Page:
This Week in Redox 28

By goyox86 on

This is the 28th post of a series of blog posts tracking the development and progress of Redox, the Rust operating system. If you want to know more about Redox in general, visit our Github page.

(edited by goyox86)


If you have any questions, ideas, or are curious about Redox, we recommend joining #redox on, our Discourse forum or you can get an invite to our chat by sending an email request to

What’s new in Redox?


Welcome to the 28th edition of “This Week in Redox”!

The team has been very busy working on cool stuff this last weeks!

Starting with the kernel, @cookie545445 improved the portability of the kernel codebase by isolating X86_64 dependent code into subfolders and @ids1024 added support for file descriptions, updated pipe to use FIFO flag, reverted a freeze caused by a double locking finishig with the implementation of F_DUPFD.

Ion flow continues fast and steady! Some cool features were added by @mmstick: $contains, $starts_with, $ends_with(), $replace(), $replacen() and $repeat(). He also removed the dependency on the peg crate, enabled function pipelining/redirecting, rustfmted the whole codebase and implemented contains, starts_with, and ends_with builtins. Also in Ion, @huntergoldstein implemented command line options for pushd and dirs. Meanwhile, @bb010g switched Ion from HISTORY_FILE to HISTFILE for history tracking.

On drivers land, the star of this week is the work being done by @jackpot51 in the XCHI controller driver (which means that USB support is around the corner!). He also simplified vesad control logic.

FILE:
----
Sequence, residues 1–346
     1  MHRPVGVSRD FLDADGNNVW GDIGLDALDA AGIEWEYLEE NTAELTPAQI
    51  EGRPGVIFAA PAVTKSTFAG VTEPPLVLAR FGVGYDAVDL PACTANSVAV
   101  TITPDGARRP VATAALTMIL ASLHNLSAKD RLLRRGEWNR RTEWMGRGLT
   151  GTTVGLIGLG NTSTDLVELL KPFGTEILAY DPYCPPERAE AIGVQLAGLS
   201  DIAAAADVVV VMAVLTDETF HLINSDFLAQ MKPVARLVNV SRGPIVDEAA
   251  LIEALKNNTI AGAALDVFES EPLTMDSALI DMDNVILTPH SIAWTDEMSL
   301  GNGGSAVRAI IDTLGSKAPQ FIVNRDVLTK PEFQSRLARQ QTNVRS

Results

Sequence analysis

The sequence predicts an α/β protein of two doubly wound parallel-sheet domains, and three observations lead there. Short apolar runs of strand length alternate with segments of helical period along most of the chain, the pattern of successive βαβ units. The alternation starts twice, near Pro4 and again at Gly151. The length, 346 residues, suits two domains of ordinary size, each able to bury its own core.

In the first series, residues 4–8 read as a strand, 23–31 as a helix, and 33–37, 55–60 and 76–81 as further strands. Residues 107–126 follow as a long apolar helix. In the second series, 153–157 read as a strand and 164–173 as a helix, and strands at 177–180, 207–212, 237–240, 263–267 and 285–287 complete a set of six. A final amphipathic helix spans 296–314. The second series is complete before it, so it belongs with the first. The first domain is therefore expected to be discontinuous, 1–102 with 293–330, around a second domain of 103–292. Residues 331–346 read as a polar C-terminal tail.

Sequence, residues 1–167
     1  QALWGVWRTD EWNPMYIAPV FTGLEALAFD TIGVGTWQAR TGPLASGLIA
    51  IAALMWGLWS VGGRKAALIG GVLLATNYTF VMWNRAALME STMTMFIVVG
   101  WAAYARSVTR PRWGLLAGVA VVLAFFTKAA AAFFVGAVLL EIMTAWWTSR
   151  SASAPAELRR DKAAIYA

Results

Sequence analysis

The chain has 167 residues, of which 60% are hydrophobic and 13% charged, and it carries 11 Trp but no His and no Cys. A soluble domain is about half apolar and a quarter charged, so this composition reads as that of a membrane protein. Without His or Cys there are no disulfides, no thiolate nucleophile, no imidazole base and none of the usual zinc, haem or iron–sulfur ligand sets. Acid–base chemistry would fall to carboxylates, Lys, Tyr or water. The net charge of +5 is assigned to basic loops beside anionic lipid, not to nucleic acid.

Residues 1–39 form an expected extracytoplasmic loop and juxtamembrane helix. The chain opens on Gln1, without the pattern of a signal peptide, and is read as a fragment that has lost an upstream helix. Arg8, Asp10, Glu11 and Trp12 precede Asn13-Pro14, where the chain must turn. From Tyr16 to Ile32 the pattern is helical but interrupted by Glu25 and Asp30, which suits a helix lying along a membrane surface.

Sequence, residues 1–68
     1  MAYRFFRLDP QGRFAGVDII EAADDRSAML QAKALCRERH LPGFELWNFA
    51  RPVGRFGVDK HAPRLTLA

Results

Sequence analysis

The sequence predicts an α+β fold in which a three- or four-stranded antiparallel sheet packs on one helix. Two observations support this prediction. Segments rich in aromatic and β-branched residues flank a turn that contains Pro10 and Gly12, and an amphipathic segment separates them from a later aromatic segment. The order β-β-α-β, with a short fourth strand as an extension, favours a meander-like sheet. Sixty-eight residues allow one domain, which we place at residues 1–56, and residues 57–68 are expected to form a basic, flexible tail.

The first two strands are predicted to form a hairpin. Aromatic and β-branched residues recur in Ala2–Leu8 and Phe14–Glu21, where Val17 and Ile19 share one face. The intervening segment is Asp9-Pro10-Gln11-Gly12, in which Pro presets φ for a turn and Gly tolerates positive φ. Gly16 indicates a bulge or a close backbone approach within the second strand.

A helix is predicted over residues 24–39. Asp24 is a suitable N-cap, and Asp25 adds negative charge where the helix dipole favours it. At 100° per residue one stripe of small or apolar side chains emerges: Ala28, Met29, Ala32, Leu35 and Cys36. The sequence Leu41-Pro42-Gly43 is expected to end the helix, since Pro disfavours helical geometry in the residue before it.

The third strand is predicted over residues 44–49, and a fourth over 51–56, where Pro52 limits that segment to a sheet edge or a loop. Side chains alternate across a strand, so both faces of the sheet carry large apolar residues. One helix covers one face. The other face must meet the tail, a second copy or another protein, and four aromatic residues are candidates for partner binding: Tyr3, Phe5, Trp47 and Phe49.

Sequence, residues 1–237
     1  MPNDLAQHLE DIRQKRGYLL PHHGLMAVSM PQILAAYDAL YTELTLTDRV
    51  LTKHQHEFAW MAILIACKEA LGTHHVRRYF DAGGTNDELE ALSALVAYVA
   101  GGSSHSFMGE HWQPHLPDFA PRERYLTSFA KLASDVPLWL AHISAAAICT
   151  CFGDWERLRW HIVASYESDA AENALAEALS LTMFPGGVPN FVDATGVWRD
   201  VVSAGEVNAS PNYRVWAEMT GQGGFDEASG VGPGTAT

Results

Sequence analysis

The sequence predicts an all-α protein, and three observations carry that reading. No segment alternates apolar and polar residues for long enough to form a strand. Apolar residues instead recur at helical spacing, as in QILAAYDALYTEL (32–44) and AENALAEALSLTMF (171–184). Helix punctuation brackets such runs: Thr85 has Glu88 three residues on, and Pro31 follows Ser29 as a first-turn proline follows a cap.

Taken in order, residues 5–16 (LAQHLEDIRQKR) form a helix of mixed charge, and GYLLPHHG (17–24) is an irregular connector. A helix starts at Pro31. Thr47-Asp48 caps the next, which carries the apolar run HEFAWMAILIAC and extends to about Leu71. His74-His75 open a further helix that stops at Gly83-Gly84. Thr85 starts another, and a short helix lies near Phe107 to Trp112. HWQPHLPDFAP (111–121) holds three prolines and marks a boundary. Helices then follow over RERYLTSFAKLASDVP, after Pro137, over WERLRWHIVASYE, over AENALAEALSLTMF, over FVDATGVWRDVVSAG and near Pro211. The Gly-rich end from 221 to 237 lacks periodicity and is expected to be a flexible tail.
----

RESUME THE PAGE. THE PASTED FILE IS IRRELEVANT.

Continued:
Next stop is Redoxfs, where @jackpot51 and @ids1024 enabled deallocating on resizing and fixed a freeze caused by a double lock respectively.

TFS folks where also very busy these last weeks! Notably @ticki who published a blog post about the new shiny conc crate which uses hazard pointers instead of epochs for doing concurrent memory reclamation. @ticki was also busy improving the documentation of the conc crate, rewriting conc::sync::treiber and adding conc::Guard::{try,maybe}_map while @cedenday added a few trait derivations to speck’s Key.

@Abogical added the whois utility to Netutils and @ids1024 added gzip and xz extraction support to extrautils’s tar.

And! Last but not least in the cookbook: @jackpot51 switched to a Redox patched version of findutils and uutils, while @ids1024 enabled C++ support in the gcc recipe, replaced the target triple from "x86_64-elf-redox-* to x86_64-unknown-redox-*. Ultimately, new recipes for bash, xz and patch were also added this week.

On a side note, I’m gonna be on holidays until September 7th and in consequence there will be radio silence during that period. But don’t panic! we will be back sooner than you think!

Enjoy the rest of this weeks issue!



Ion is a shell for UNIX platforms, and is the default shell in Redox. It is still a work in progress, but much of the core functionality is complete. It is also currently significantly faster than Bash, and even Dash, making it the fastest system shell to date.




TFS is a modular, fast, and feature rich next-gen file system, employing modern techniques for high performance, high space efficiency, and high scalability.







The cookbook the collection of package recipes of Redox.

Handy links

  1. The Glorious Book
  2. The Holiest Forum
  3. The Shiny ISOs
  4. Redocs
  5. Fancy GitHub organization
  6. Our Holy Grail of a Website
  7. The Extreme Screenshots

New contributors

Since the list of contributors are growing too fast, we’ll now only list the new contributors. This might change in the future.

Sorted in alphabetical order.

If I missed something, feel free to contact me (goyox86) or send a PR to Redox website.